Welcome to the Finger Lakes! Our theme song:

In a town this size, there's no place to hide
Everywhere you go, you meet someone you know...
In a smokey bar, in the backseat of your car
In your own little house, someone's sure to find you out
What you do and what you think
What you eat and what you drink...

(Kieran Kane)

Saturday, March 17, 2012

One Irish immigrant

John Byrne
Captain, 155th NY Co. I
Major, 155th NY
Lt. Col., 155th NY
Wounded, Spotsylvania CH
Captured, Reams's Station
Commanded Regiment at Appomattox CH

The 155th New York Volunteer Infantry, 1862-1865, was recruited in the City of Buffalo and surrounding towns in late Summer, 1862 and was comprised almost entirely of Irish immigrants. 

The 155th NY, known as the Buffalo Irish Regiment was presented with a green silk flag by the citizens of Buffalo. On one side was the harp of Erin surrounded by a wreath of shamrocks and scrolls reading "Corcoran Guards" and "We Strike for the Union and the Constitution" while on the the reverse side of the flag were the twin seals of New York State and the Federal government.  The 155th NY was present for the surrender of Robert E. Lee and the Army of Northern Virginia on April 9, then marched in President Johnson's Grand Review of the Federal Armies on May 23. They were mustered out of the service in mid July.

Upon their arrival in New York City, the men of the 155th and the rest of the Legion were feted in a parade held by Irish-American citizens of the city, after which they were paid off and discharged, returning to their homes and families.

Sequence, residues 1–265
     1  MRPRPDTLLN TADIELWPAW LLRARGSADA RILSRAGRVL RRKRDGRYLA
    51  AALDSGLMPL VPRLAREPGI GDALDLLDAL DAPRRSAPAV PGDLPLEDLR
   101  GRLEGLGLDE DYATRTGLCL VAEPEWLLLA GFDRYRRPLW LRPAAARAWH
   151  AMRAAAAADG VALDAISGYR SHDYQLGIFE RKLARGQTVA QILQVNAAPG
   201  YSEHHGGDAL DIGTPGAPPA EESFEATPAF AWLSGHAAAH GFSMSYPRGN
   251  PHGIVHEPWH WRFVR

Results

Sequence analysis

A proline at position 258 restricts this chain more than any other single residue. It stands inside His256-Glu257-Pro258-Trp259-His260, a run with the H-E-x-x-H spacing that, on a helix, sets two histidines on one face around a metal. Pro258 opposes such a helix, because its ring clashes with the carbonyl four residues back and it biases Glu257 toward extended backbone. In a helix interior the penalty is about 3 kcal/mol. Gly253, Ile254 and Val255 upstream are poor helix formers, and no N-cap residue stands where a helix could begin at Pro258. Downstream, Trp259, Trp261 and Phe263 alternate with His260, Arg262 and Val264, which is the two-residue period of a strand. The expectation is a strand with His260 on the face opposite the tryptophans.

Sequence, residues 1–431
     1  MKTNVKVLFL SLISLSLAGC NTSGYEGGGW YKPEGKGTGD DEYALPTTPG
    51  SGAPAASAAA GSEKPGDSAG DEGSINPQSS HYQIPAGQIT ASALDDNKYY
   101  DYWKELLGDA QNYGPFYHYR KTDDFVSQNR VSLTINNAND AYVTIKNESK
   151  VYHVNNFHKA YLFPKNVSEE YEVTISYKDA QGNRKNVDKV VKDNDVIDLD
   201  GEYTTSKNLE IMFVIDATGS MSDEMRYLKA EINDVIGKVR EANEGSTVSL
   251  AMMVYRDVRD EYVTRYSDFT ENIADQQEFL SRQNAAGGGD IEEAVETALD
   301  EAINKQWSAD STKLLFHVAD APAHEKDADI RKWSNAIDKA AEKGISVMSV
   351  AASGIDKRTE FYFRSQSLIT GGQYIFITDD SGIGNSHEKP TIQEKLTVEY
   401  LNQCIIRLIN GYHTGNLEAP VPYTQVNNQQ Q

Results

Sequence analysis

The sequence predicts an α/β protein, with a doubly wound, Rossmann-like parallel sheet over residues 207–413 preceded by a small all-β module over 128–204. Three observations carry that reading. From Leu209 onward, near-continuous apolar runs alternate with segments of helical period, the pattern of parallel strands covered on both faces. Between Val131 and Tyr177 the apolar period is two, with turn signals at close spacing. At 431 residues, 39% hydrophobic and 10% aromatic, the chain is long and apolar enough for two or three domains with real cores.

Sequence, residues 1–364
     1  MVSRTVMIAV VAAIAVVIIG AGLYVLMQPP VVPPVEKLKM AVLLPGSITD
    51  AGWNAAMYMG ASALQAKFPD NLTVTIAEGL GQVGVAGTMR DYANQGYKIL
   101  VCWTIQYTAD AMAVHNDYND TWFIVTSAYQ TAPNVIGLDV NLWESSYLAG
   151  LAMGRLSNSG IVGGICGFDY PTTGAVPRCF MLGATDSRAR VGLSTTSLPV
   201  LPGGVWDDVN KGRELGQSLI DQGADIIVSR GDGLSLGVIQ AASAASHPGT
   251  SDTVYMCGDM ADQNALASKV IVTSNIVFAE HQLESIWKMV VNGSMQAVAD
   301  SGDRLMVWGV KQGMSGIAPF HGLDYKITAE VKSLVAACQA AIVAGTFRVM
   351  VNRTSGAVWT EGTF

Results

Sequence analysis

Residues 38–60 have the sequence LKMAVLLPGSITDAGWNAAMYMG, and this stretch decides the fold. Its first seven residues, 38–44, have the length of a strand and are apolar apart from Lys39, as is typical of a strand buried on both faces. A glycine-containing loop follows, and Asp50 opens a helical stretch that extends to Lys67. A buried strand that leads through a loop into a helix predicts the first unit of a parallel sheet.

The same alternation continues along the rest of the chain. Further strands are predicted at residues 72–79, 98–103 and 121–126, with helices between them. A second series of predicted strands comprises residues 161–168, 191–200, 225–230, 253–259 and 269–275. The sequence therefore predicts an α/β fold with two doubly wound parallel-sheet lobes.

In three years of conflict the 155th NY suffered a total of 189 deaths and roughly 280 wounded, captured or missing.  Their overall casualty rate was about 60%.

Colonel Byrne suffered a gunshot through the head at Spotsylvania Courthouse.  He miraculously survived, but the wound resulted in the loss of an eye.  

Colonel Byrne later became police chief in Buffalo.  Byrne's son Eugene attended West Point, where he was a member of the football team.  Eugene died as a result of injuries suffered in a 1909 game against Harvard.  Eugene's injuries led to changes in the rules of college football, including the universal wearing of helmets and all plays being originated at a line of scrimmage.

History of 155th from Kevin O'Beirne

Reposted - Happy St. Patrick's Day! 

1 comment:

  1. This is my great, great grandfather. Thank you very much for the nice story. Bob Burns, Florence, Kentucky.